Toppling the GOP and other election surprises


November 15, 1998|By Brian Sullam

REPUBLICANS IN Anne Arundel County are probably still wondering what hit them on Election Day.

Four years ago, it appeared that the county GOP was on the ascendancy, forcing Democrats on the retreat.

Republicans captured most of Anne Arundel's elected positions then. The county executive was a Republican. Four of the seven County Council members were Republicans. The GOP controlled the county's General Assembly delegation.

Earlier this year, conventional wisdom was that GOP dominance would continue. Not only did the party control county government, Anne Arundel Republicans were adding to their number of registered voters, narrowing the Democrats' long-standing registration advantage. Most political types thought that Democrats were long-destined to be Anne Arundel's minority party.

Now, the Republicans have their tail between their legs.

Forget about chatter that the top of the ticket -- the governor's race or the turmoil in Newt Gingrich's Congress -- triggered the GOP debacle in the county.

Sauerbrey's gain

Republican challenger Ellen R. Sauerbrey won Anne Arundel County this election as she did four years ago -- even winning more total votes than in 1994. Her margin was not as great, however. This election, Ms. Sauerbrey got 56.8 percent (87,134, according to the unofficial tally) compared with 60.3 percent (or 83,663 votes) four years ago.

Meanwhile, the Republicans who represent Anne Arundel in Congress -- Wayne T. Gilchrest in the 1st District and Robert L. Ehrlich Jr. in the 2nd -- had no trouble winning re-election. (Neither did the Democrats, Benjamin L. Cardin, whose 3rd District covers part of the county, or Steny H. Hoyer in the 5th District.)

County voters apparently did not care whether the GOP was unfairly targeting President Clinton. They chose Republicans at the very top of the ticket as enthusiastically as four years ago.

But something happened to these voters when they scrolled lower on the ballot, to county executive and other offices. There, they leap-frogged to the other party in large number.

School spending wedge

It's pure conjecture, but it would appear that County Executive John G. Gary's thrust to gain more control over school spending so frightened voters they didn't want Republicans in charge of financing education.

Democrat Janet S. Owens, who enjoyed a lot of support from teachers, clearly benefited from this fear. She collected 85,284 votes (again, the unofficial count) -- almost as many votes as Ms. Sauerbrey.

Ms. Sauerbrey's lack of coattails was a rather remarkable political development.

Republicans have always done well running for Anne Arundel County executive. Even though registered Democrats have historically outnumbered Republicans, O. James Lighthizer was the only Democrat elected county executive since charter government began in 1964 -- that is, until Ms. Owens' victory nearly two weeks ago.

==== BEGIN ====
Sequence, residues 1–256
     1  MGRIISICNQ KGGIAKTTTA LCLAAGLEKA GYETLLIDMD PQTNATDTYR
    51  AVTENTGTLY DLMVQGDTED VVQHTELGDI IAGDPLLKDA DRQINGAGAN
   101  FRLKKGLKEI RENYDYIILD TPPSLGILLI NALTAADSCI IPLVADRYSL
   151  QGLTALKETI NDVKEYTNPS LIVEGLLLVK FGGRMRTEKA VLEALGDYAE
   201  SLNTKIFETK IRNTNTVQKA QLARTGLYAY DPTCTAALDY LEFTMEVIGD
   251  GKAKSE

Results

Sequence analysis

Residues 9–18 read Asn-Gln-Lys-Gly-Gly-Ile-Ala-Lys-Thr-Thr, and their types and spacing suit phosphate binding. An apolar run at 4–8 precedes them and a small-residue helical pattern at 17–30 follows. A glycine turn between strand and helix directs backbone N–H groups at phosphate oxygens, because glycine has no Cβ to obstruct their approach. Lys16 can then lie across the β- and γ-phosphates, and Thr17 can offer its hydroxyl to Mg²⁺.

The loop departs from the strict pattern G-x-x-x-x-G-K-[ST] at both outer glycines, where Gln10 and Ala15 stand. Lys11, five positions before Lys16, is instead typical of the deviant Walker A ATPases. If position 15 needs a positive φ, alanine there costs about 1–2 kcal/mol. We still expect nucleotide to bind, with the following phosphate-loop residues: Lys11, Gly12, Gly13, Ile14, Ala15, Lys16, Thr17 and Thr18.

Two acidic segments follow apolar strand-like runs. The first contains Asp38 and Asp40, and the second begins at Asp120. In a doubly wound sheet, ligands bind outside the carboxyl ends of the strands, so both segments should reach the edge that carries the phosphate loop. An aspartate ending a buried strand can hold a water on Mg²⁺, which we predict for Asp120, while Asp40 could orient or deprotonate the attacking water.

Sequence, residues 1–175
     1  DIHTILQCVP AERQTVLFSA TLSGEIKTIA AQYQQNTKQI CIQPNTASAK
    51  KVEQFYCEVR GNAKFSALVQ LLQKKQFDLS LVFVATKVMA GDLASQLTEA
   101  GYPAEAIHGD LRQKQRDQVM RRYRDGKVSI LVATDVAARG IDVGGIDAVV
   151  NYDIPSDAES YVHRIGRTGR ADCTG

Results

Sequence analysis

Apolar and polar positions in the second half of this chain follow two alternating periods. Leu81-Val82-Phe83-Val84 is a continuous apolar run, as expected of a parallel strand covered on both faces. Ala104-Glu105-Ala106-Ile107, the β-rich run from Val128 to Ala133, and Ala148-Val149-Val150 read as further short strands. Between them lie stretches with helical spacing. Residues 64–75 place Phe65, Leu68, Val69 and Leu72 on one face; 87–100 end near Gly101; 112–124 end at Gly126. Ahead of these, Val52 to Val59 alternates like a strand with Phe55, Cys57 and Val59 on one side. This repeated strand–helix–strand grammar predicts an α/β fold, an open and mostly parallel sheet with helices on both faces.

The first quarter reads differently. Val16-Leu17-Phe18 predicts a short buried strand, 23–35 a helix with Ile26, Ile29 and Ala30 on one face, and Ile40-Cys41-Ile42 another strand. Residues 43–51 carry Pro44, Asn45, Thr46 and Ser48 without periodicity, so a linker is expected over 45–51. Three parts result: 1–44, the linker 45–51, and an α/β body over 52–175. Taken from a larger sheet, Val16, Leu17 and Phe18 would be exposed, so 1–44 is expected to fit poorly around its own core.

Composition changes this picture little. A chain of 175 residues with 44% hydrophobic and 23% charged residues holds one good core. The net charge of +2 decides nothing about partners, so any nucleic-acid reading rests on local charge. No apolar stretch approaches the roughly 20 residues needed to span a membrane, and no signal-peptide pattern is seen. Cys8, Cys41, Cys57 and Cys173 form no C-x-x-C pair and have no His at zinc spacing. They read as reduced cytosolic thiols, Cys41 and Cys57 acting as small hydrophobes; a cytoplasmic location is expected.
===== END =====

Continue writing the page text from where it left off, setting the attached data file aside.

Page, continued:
County voters were comfortable with Republican county executives and Democratic-led councils. In 1994, voters allowed the Republicans -- for the first time -- to control both the executive and legislative branches of county government.

Voters apparently tired of that quickly. Now they are trying out a Democratic executive and a Democratic-controlled council.

Ideologically, this doesn't square with the county's strong vote for Ms. Sauerbrey.

Ideological soul mates

Mr. Gary was Ms. Sauerbrey's ideological soul mate. He even co-chaired her campaign and supports virtually all of her positions, from cutting taxes to cutting environmental and land-use red tape for developers and industry.

Voters dumped Mr. Gary and those identified with him, including GOP incumbents in the 4th and 6th councilmanic districts.

West County Republican Councilman Bert Rice lost to Democrat Bill D. Burlison by about 1,000 votes. Mr. Burlison, a former congressman from Missouri, had previously run for local offices in Prince George's and Anne Arundel counties for almost two decades without success. He was written off as a perennial candidate with no hope. Yet, it would appear that Mr. Rice, who voted with Mr. Gary most of the time, suffered from voters' distrust of the executive.

In the 6th District, William C. Mulford II, another Republican incumbent, lost to Democrat Barbara Samorjczk by nearly 2,000 votes. Like Mr. Rice, Mr. Mulford was a Gary ally.

The only GOP incumbent able to hold his seat was 7th District Councilman John J. Klocko III. Apparently, residents in Crofton and South County were not unhappy with his performance or his alliances with Mr. Gary.

The Republicans have four years to rebuild. In 2002, they will find out if 1994 truly marked the fundamental change in county politics they believed then, or if it was just an aberration.

Brian Sullam is The Sun's editorial writer in Anne Arundel County.

Pub Date: 11/15/98

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